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Pulitzer Prize winner’s latest novel calls the weary homeward


In her novel, “Home,” released this past autumn, Marilynne Robinson reveals a sister’s thoughts as a long-estranged brother returns home. In her story of Jack Boughton’s return to their fictional hometown of Gilead, Iowa, Glory Boughton explores doubt and faith, estrangement and family, sin and redemption.
But this novel does not provide a simple view of home or homecomings, no simple embraces and celebrations; life is complicated once the Sunday dishes are cleared away. Not only does the novel illustrate the difficulty of returning home in a meaningful way, but ultimately draws readers into a struggle over Jack’s alienation. Readers will probe their own understanding of forgiveness as well as ask important questions about God and biblical themes.
Many of the characters, themes and events in “Home” will be familiar to readers of “Gilead,” which received the National Book Critics Circle Award and a 2005 Pulitzer Prize. Her range as a writer is equaled by her depth and skill. Reviews of “Gilead” were quick to point out the beauty of Robinson’s language and the elegance of her writing.
In a complex and interesting way, “Home” creates a counterpoint with “Gilead.” By using a sister’s point of view to tell of the same prodigal’s return to town, this novel creates a parallel universe of relationships, perceptions and causes.
Narrated by John Ames, elderly pastor and best friend of the patriarch of the Boughton clan, “Gilead” is written to provide counsel to a son who will not live to be an adult before his father dies. As Ames’ reflections unfold, the prodigal son of his best friend returns to town. In “Gilead,” Jack Boughton is that wayward son who, in Ames’ view, makes himself a pest, an almost-rival for a wife’s attentions, and an erstwhile antagonist.
“Home” is beautifully written, but renders voices and perspectives very different from Ames’ in “Gilead.” Here Glory, the youngest sibling among the Boughtons, is introduced to readers as she hurriedly prepares a welcome for her brother upon his return to the home where she cares for their dying father.
When her father learns of the promised return of the family’s prodigal, the conflicts of the story begin to open to view.
Glory’s perspective is shaped by her approach to middle age haunted by her own losses. She observes her brother’s heartbreak and comes to understand him better as he reacquaints himself with his father, the Reverend Ames and his hometown. Thus a detailed and nuanced portrait of Jack takes shape as this time at home goes along: he is troubled and bright, kind and generous to a fault. He longs to believe again and to hope. Jack is deeply marked by disappointment.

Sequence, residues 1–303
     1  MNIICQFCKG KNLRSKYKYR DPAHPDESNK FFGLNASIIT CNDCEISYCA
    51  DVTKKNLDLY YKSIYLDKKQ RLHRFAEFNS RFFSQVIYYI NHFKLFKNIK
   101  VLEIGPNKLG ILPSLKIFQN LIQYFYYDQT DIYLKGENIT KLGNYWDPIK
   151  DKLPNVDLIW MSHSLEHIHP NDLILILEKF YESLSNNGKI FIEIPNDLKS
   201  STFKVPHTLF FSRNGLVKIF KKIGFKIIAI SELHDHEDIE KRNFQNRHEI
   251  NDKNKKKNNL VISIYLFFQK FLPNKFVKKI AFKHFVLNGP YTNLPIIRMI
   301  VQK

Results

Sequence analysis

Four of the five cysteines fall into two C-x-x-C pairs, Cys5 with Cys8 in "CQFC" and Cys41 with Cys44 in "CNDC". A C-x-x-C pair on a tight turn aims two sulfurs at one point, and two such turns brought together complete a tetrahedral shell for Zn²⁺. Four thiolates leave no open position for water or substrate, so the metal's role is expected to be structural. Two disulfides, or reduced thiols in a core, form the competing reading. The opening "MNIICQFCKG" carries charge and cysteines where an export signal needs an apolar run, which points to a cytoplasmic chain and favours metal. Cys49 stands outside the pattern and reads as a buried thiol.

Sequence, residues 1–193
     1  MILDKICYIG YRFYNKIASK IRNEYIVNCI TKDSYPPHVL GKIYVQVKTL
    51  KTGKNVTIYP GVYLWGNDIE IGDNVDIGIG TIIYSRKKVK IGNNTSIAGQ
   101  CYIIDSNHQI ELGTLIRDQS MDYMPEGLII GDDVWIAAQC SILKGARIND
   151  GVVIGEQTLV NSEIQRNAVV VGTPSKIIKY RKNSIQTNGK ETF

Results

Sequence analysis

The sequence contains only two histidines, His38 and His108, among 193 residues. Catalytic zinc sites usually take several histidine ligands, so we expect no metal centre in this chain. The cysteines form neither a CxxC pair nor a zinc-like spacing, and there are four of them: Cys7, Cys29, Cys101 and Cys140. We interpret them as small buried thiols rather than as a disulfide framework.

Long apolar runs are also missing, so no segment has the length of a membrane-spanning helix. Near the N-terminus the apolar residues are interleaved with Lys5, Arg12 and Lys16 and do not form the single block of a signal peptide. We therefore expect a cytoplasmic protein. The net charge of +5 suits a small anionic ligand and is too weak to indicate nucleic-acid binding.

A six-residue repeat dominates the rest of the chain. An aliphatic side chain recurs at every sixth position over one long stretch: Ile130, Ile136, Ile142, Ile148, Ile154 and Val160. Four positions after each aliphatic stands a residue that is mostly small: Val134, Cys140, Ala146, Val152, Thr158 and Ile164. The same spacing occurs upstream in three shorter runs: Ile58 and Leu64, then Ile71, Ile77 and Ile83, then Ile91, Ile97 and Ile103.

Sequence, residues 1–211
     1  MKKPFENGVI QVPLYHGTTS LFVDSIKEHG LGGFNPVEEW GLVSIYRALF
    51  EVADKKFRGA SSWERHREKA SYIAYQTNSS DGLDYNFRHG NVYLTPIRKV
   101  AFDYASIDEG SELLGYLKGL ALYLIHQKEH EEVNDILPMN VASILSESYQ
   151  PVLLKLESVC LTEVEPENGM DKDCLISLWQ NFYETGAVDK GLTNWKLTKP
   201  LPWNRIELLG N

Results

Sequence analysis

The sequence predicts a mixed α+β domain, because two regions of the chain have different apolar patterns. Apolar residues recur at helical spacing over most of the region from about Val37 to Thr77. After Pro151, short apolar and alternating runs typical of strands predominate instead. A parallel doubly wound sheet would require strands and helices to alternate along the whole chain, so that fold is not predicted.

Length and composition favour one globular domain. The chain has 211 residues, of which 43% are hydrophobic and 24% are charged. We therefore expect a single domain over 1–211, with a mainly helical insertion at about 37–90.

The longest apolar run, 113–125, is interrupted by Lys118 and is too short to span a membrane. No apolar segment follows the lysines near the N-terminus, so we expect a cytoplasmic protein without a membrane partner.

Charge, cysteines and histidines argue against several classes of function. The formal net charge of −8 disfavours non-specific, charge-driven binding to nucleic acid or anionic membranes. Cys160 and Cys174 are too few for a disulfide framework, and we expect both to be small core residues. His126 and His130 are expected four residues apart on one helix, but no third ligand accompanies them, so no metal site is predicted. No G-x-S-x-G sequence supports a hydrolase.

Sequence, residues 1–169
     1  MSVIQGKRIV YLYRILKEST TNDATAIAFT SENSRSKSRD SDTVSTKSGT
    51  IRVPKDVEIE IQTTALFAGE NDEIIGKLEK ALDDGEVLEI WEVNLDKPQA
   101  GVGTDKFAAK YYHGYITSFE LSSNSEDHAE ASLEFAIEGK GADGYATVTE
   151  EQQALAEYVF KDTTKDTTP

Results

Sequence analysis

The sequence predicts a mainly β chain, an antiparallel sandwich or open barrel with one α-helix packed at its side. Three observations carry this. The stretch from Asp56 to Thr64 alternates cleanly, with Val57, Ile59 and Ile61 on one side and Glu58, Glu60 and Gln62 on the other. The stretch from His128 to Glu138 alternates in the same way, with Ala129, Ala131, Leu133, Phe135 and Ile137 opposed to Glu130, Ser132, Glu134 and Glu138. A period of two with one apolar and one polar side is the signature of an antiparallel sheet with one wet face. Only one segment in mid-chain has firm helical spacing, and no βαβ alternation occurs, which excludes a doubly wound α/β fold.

In this parallelism, the view of Jack taken by Ames in Gilead is both confirmed and complicated. Ames has misunderstood and been misunderstood, just as Jack has, in his turn. As Glory pieces together the mysteries of a prodigal’s life, readers see that despite his broken heart and his difficult return, Jack remains both full of gentleness for the father with whom he disagrees and “bone weary” of his own search for redemption.
Readers slowly come to know why Jack is, well, Jack.
Yet “Home” is not narrowly about Jack. Neither will readers need to have read the first novel to understand the second. This is true partly because the conflicts — told with tenderness as we learn them through the scrim of a sister’s love — are American conflicts, not simply a family’s foibles or a denomination’s follies.
If “Gilead” rooted familial conflict in the greatest issues of the 19th century, “Home” brings this forward in the hang-ups, hopes, and failures of the mid-20th, in which it is set.
One simple way Robinson projects Jack’s story onto a larger frame of reference is by associating the family’s and town’s conflicts with the nation’s woes. When television arrives, when a magazine is found in the attic, or when Jack knows he will be misunderstood yet again by the folk of Gilead, readers share in Jack’s sufferings as well as larger woes.
For all its theological view of reality, this book remains an elegantly simple tale about a brother and sister struggling to manage the tangles in their lives, reconcile themselves to their dying father, and to find a path forward.
Like Faulkner’s characters and stories at their best, Jack and Glory compel readers forward, seeking a balm for sufferings so that in the end, when renewals come and hopes dawn, the light belongs not only to Glory but to us all.
Between such truths of this fiction and the realities of our world rises a longing which leaves me understanding anew why the old hymn continues to beckon, “Ye who are weary, come home”.

SCOTT LaMASCUS reads and discusses Marilynne Robinson’s books with his students at Oklahoma Christian University, where he is professor of English and director of the McBride Center for Faith and Literature. See www.oc.edu/mcbridecenter.

  • Feedback
    We need to understand the difference in unity and uniformity. Christ’s prayer was for unity not uniformity.
    ,
    February, 1 2009

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